The state of poverty in your state

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October 14, 2016

In the wake of the September release of the 2015 Census Bureau data on poverty, CHN put out a national report, The High Cost of Being Poor in the U.S., which detailed our findings on the state of poverty around the country and what measures helped pull people out of poverty last year. The Census data show that anti-poverty programs like the Supplemental Nutrition Assistance Program (SNAP), Earned Income Tax Credit (EITC) and housing subsidies were vital in keeping millions of Americans out of poverty in 2015. To follow our national report, we analyzed the Census American Community Survey (ACS) data to explore the state of poverty in 13 states. Over the past few weeks, partner organizations in each state have been hard at work releasing these reports and spreading the word about what should be done to reduce poverty. Here’s what some of our partners have been up to, along with where you can find more information on the state of poverty in your state:

CHN's Executive Director Debbie Weinstein presenting Census poverty data at CAAP's event

CHN’s Executive Director Debbie Weinstein presenting Census poverty data at CAAP’s event

The first state report was released with the Community Action Association of Pennsylvania (CAAP), a statewide organization of community action agencies that work to help low-income families become self-sufficient. The report was publicized during their four-day symposium called Embracing Change. CHN’s executive director Debbie Weinstein attended the event to present on the income and poverty statistics discussed in the report. CAAP released the report on their website and social media outlets, including Twitter and Facebook.

A state report was also released with our friends at Every Child Matters in Maine, an organization that works at both the national and state levels to make children a political priority. The report, which discusses the stagnant poverty rate in Maine, can be found on their website and on their Twitter account. It was also featured in a weekly newsletter.

Empower Missouri, an advocacy organization that works to improve the lives of Missourians, joined CHN to help spread the word about our state report in Missouri. A synopsis of the report can be found on their website and accompanying social media posts on Facebook and Twitter were released as well.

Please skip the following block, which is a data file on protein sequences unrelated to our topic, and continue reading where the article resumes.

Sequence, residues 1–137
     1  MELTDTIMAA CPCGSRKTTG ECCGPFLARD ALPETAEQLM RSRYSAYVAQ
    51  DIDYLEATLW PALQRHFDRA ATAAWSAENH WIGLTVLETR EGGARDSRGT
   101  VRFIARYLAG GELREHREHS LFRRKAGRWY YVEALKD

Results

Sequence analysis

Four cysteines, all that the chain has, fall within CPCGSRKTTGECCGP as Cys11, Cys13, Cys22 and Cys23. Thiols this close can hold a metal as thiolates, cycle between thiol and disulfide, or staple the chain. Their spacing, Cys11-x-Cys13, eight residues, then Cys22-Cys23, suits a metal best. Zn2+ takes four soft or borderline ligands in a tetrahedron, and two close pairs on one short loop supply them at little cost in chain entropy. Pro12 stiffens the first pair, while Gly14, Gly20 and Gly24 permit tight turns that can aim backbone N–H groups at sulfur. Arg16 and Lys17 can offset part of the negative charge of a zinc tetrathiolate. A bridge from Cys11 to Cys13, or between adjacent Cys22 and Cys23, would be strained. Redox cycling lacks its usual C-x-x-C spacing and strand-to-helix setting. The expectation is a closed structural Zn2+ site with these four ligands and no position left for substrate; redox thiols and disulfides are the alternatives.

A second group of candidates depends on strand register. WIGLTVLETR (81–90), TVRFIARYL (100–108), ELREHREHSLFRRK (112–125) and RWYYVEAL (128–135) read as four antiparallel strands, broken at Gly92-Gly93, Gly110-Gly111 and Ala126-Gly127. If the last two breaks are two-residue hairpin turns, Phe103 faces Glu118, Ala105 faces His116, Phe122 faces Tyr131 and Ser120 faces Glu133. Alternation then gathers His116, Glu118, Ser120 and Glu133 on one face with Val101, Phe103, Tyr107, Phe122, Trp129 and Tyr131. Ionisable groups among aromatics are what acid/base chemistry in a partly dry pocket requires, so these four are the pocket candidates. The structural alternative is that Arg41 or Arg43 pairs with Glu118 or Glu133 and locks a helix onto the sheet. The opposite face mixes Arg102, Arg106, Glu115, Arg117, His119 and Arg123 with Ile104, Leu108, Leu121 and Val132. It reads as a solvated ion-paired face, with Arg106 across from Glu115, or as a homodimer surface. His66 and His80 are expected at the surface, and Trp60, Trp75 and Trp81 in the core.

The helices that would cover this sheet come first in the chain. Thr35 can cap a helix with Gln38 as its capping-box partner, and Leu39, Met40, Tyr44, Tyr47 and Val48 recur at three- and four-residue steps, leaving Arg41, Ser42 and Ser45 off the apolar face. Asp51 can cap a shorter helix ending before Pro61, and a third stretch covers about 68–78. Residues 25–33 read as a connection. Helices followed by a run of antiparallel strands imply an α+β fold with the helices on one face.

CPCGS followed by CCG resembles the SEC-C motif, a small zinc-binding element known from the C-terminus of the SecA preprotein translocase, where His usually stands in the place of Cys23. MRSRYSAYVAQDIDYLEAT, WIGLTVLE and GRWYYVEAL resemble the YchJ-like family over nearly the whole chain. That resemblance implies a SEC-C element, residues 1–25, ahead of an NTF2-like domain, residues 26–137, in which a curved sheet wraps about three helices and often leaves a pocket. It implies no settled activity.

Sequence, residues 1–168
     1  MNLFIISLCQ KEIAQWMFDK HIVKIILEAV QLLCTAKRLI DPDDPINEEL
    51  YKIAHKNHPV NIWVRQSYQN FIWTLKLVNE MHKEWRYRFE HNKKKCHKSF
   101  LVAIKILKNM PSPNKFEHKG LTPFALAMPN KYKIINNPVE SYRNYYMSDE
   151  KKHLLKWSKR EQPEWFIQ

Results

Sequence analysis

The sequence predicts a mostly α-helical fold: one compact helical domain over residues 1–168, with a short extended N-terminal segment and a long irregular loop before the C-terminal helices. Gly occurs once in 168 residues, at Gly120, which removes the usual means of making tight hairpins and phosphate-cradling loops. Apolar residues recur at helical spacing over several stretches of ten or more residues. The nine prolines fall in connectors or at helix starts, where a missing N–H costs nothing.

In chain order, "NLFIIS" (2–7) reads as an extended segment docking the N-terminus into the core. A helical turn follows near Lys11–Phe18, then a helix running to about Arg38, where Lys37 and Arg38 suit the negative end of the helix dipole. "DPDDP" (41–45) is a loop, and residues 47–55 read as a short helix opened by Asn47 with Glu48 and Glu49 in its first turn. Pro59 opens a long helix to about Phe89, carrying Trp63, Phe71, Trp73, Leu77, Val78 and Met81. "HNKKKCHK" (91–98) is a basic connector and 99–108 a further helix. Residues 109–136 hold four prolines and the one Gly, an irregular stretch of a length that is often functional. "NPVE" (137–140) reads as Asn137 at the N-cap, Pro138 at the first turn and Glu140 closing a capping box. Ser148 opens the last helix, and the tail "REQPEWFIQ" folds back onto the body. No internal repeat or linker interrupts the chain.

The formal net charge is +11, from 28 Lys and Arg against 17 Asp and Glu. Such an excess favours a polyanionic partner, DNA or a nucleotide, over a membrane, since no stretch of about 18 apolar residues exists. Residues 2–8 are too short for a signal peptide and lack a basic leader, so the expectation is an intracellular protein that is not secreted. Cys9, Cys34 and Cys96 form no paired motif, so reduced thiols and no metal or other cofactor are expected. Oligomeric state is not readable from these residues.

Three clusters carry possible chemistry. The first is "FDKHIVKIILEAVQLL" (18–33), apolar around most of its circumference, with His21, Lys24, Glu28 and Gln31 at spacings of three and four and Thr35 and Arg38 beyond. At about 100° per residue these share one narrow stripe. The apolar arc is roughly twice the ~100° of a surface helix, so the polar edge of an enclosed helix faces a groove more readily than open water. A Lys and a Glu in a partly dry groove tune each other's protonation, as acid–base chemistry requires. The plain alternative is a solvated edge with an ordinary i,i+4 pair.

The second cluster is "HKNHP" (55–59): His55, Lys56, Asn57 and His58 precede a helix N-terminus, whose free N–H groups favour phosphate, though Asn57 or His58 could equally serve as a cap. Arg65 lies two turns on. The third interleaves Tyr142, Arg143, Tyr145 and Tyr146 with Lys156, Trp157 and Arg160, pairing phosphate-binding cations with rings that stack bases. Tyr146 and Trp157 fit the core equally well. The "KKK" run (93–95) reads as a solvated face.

CHN also partnered with Every Child Matters in New Hampshire to release the state-specific report at a news conference. This event was covered by New Hampshire Public Radio, the Concord Monitor and the Concord Patch. It was also attended by representatives of New Hampshire’s congressional delegation and the Governor’s office. Details from the report were also shared on Twitter and in a weekly newsletter.

In Ohio, CHN partnered with our friends at Advocates for Ohio’s Future, an organization that promotes health and human service budget and policy solutions. The report can be found on their website, Twitter and Facebook accounts. A number of media outlets picked up the report with coverage by the Columbus Dispatch, Sidney Daily News, Hannah Report and Gongwer.

Finally, CHN partnered with the Virginia Interfaith Center for Public Policy, an organization that works to promote policies that help low-income, vulnerable and underrepresented populations in their state. We released our report with social media coverage on Facebook and Twitter and it was recently covered by the Augusta Free Press.

All of our state partners are sharing these reports with their members of Congress, and you can too to raise awareness on the state of poverty and effectiveness of anti-poverty programs. Not sure who your representatives are? That’s okay, you can look them up here. Then head over to your state-specific media toolkit and find your representatives’ twitter handles to tweet them the report. Be sure to join the national conversation with #PovertyCosts.

For additional resources, check out our website for the national and state reports with infographics and state media toolkits to help you share on Facebook and Twitter. Go to our 2015 Census and Poverty Data resources page for more Census information from organizations around the Coalition. Stay tuned to the Voices for Human Needs blog for more information on the release of additional state reports!



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Discuss: “The state of poverty in your state”

  1. avatar
    October 14, 2016 at 8:12 pm #

    There is a difference between low income people, and the truly poor. How could we know how many Americans are truly poor? In the past, we relied on UI statistics added to welfare rolls to get an estimate. Actual welfare is long gone, of course, and so are those statistics.

    Logic alone would tell us that not everyone can work (health, etc.), and the statistics show that there aren’t jobs for all. In addition, we’ve been transitioning to low wage jobs for years, making it impossible for many to save enough money to tide them over following job loss. Many low wage workers are walking on a tightrope with no safety net below, a single job loss from losing everything. Once you no longer have a home address, phone, etc., you’re out. We have no way to determine how many Americans are just out today, nor do people seem to care.

    In the US, we stripped our poor of the most basic human rights (UN’s UDHR) of food and shelter, and have spent 20 years ignoring — or even denying — the consequences.

    Posted by D.H. Fabian

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